162 Look at the variables collected by Ansible's setup module (step 1(c) above).  Find one that holds the container's fully-qualified domain name (e.g., slice347.pcvm1-1.instageni.iu.edu). 
    163 
    164 === (c) Get the container IP address ===
    165 
    166 Look at the variables collected by Ansible's setup module (step 1(c) above).  Find one that holds the container IP address.  Add a debug task to your playbook, like the one in the starter playbook, to print out its value.  Complete the following task and add it to your playbook
    167 
    168 {{{
    169    - name: Print container IP address
    170      debug: var=
    171 }}}
     159=== (a) Get the container's FQDN ===
     160
     161Look at the variables collected by Ansible's setup module (step 1(c) above).  Find one that holds the container's fully-qualified domain name (e.g., slice347.pcvm1-1.instageni.iu.edu) and dump it using a '''debug''' task. 
     162
     163=== (b) Get the container IP address ===
     164
     165Look at the variables collected by Ansible's setup module (step 1(c) above).  Find one that holds the container IP address and dump it using a '''debug''' task.
     166
     167=== (c) Get the control host name ===
     168
     169Look at the variables collected by Ansible's setup module (step 1(c) above).  Find one that holds the control host's FQDN (HINT: it begins with ''pcvm'') and dump it using a '''debug''' task.
    172170
    173171=== (d) Get the host's public IP address ===
    174172
    175 This is a bit trickier: how to get the host's IP address? The IP address visible inside the slicelet (as reported in the variable ''ansible_eth0.ipv4.address'') is a private address -- it is not the control address of the host.  There are a number of ways that you could discover the control address, including running '''dig +short''' on the host’s name (see if you can find a variable that contains the host's name; HINT: you need it to SSH into the slicelet) or by running '''curl''' against a webserver that reports the client’s externally visible address.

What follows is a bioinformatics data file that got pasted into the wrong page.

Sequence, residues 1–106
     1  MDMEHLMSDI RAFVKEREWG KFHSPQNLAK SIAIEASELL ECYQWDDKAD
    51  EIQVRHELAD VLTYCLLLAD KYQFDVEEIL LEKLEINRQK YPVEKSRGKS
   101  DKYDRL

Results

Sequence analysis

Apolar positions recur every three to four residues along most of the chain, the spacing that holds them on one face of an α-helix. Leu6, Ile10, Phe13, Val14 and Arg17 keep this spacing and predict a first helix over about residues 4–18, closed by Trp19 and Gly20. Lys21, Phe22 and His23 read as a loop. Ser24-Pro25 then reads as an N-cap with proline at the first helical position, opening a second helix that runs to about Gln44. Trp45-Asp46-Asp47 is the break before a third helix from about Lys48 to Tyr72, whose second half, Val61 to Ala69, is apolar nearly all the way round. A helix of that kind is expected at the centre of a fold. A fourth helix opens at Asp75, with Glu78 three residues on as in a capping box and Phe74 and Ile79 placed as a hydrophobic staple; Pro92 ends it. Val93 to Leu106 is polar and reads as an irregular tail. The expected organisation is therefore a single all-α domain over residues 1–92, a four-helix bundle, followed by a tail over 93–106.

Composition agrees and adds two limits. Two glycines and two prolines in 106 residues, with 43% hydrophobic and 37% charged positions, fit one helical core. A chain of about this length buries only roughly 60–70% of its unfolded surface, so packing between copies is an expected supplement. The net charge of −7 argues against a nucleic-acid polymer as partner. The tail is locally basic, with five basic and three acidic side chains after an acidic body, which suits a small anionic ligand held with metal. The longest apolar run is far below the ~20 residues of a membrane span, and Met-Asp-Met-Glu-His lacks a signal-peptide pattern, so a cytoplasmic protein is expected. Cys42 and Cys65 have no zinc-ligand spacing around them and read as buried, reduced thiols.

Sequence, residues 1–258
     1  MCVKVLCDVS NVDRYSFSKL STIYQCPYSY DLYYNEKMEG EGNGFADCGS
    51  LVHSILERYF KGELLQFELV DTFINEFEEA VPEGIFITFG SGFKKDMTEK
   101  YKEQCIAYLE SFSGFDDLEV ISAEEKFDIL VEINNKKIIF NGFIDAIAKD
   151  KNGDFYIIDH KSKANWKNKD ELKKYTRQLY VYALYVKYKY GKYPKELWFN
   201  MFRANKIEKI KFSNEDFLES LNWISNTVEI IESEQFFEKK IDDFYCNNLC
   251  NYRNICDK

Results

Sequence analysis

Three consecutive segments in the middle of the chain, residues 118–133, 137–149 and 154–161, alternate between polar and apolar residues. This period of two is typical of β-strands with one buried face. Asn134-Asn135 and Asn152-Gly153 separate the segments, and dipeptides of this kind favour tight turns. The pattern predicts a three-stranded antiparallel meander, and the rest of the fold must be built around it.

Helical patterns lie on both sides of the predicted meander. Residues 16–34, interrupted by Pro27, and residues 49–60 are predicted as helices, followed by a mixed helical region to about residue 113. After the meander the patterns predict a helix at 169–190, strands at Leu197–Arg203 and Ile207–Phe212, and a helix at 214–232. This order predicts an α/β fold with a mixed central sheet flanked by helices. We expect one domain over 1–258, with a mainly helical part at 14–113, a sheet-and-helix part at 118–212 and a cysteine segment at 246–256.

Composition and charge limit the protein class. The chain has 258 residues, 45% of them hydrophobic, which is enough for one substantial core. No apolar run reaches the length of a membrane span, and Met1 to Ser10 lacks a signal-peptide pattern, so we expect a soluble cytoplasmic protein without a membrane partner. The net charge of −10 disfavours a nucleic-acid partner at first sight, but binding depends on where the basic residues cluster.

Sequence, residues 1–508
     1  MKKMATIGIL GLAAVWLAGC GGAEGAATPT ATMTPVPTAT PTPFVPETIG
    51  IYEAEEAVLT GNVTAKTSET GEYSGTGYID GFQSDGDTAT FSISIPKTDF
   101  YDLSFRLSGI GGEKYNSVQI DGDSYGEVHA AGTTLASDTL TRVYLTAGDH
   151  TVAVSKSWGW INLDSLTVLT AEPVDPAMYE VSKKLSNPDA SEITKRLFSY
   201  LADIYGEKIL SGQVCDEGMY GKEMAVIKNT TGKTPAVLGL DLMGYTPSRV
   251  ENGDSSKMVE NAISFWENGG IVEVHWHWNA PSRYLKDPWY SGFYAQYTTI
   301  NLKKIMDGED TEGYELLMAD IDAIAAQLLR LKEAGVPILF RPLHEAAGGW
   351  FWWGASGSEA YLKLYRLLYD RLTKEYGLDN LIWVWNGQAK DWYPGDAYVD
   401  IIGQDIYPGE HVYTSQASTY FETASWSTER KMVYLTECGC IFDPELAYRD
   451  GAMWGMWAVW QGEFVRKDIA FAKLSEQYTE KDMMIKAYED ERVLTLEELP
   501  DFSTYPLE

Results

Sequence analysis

173The IP address visible inside the slicelet (as reported in the variable ''ansible_eth0.ipv4.address'') is a private address -- it is not the control address of the host.  To discover the ''public'' IP address of the node, run '''dig +short <control host name>'''.
    176174
    177175|| [[Image(wiki:GENIExperimenter/Tutorials/Graphics:tip.png, nolink, 50px, bottom)]] || '''Pro Tip:''' The '''ansible''' command-line tool is a good way to try out Ansible tasks before putting them in your playbook.  Look at the examples in part 1 above. ||
     
    181179|| [[Image(wiki:GENIExperimenter/Tutorials/Graphics:tip.png, nolink, 50px, bottom)]] || '''Pro Tip:''' When you run an Ansible command in a playbook, you can save the output into a new variable using '''register: varname'''  Then you can retrieve the value later in the playbook using ''{{ varname }}'' or, for shell command output, ''{{ varname.stdout }}''.  You can see an example of how to register a variable in [https://github.com/ansible/ansible-examples/blob/master/language_features/register_logic.yml this playbook]. ||
    182180
    183 === (e) Get the latitude and longitude for each node ===
     181=== (d) Get the latitude and longitude for each node ===
    184182
    185183Another requirement of the lab is to map the host's control IP address obtained in the previous step to the latitude and longitude for each node.  One way to do this is to use the '''geoiplookup''' tool, provided by package '''geoip-bin'''.